Editors: Kathryn Kish Sklar and Thomas Dublin
Published by Alexander Street Press and the
Center for the Historical Study of Women and Gender, SUNY Binghamton

In This Issue

With the current issue we begin a new year and launch the publication of the Black Woman Suffragists database, an undertaking that will continue for the next five issues of the journal and website. In this issue we include a new Document Project and the second half of a two-part Document Archive, complemented by our regular array of Book Reviews and News from the Archives. We also resume publication of new Teaching Tools.

Beth Robinson has authored the document project, "How Did the League of Women Shoppers Use Their Privilege to Act in Solidarity with Workers, 1935-1948?" which explores a Popular Front organization that was active from 1935 until 1949, when red-baiting forced the organization to disband. League members recognized that because women did the majority of family shopping, they wielded considerable influence. Through its slogan, "Use your buying power for justice," the League sought to mobilize middle-class and wealthy women as socially active consumers, reaching a membership of 25,000 in cities as diverse as San Francisco, Minneapolis, and Atlanta. Robinson constructs the answer to her framing question by tapping records of a number of urban branches of the League.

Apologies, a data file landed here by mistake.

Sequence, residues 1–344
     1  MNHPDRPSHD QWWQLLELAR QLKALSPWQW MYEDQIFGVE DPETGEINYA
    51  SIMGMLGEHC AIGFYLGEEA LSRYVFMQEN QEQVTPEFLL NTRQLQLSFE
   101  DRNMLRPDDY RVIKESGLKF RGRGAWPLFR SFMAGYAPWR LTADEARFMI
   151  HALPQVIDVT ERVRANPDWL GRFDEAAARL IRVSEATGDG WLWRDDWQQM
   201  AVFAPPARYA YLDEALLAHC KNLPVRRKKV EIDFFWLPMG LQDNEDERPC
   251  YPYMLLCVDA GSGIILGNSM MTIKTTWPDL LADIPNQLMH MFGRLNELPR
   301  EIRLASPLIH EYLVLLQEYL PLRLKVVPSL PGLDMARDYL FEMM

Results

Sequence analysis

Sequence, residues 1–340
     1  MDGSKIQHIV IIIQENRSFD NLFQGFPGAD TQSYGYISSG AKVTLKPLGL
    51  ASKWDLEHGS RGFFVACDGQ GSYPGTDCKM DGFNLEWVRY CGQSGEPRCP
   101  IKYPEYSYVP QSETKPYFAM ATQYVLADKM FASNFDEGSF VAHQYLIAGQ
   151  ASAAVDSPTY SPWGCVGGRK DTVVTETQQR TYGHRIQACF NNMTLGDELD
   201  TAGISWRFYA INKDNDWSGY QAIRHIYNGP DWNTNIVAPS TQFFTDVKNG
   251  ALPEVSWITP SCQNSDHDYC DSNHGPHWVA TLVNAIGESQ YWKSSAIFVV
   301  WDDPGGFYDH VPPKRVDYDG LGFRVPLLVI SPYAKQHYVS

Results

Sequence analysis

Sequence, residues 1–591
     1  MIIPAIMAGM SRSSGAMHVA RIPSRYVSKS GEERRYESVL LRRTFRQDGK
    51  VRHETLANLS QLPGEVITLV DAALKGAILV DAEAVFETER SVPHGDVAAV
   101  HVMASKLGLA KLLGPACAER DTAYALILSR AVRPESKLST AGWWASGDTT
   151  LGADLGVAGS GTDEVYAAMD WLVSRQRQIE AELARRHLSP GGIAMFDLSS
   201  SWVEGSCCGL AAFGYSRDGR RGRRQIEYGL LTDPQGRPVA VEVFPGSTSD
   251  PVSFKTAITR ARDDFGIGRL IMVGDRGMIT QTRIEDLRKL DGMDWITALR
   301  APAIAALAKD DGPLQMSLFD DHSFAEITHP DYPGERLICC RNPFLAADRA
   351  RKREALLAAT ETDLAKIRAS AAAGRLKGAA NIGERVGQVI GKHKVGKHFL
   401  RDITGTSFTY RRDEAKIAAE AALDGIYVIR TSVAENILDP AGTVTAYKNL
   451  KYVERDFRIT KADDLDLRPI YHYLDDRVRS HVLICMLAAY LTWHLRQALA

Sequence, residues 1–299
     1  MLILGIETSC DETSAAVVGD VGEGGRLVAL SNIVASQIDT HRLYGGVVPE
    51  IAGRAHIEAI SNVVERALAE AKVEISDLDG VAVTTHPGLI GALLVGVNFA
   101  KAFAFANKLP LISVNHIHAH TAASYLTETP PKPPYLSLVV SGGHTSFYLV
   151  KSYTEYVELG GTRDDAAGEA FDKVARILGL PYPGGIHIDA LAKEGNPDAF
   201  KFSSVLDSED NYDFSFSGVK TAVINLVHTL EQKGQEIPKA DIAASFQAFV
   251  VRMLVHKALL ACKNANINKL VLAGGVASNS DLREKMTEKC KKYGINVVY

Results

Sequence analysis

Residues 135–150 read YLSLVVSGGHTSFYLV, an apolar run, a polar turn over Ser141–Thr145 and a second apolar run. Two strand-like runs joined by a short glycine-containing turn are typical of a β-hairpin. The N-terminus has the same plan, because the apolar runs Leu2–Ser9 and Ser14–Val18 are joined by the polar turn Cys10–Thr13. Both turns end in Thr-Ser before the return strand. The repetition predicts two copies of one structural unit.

Melanie Gustafson is the author and editor of a document archive, "Maud Wood Park Archive: The Power of Organization," of which we publish the second half in this issue. Together the two parts include more than 140 documents, principally from the Schlesinger Library and the Library of Congress. Park was a key player in the winning strategy of the National American Woman Suffrage Association in securing passage of the Nineteenth Amendment and served as the first president of the League of Women Voters after 1920. The documents collected here illuminate the history of the organized women's movement in the United States between 1910 and 1950, and are particularly valuable to understanding the founding of the Schlesinger Library at Radcliffe College, organized originally around the Women's Rights Collection, which consisted principally of the papers of NAWSA and Maud Wood Park.

The Black Woman Suffragists database is the result of almost five years of work. Based on the pioneering scholarship by Rosalyn Terborg-Penn, this collection as of March 2014 consists of almost 1,100 items totaling about 12,000 pages. Tom Dublin and a team of students have assembled these published and unpublished writings of sixty Black woman suffragists first identified by Rosalyn Terborg-Penn. The writings are accompanied by an introduction by Terborg-Penn and eighteen scholarly essays that treat major authors in the group. We expect to publish these writings and scholarly essays in five chronological installments from March 2014 to March 2016. This first installment includes more than 150 items totaling more than 1,600 pages.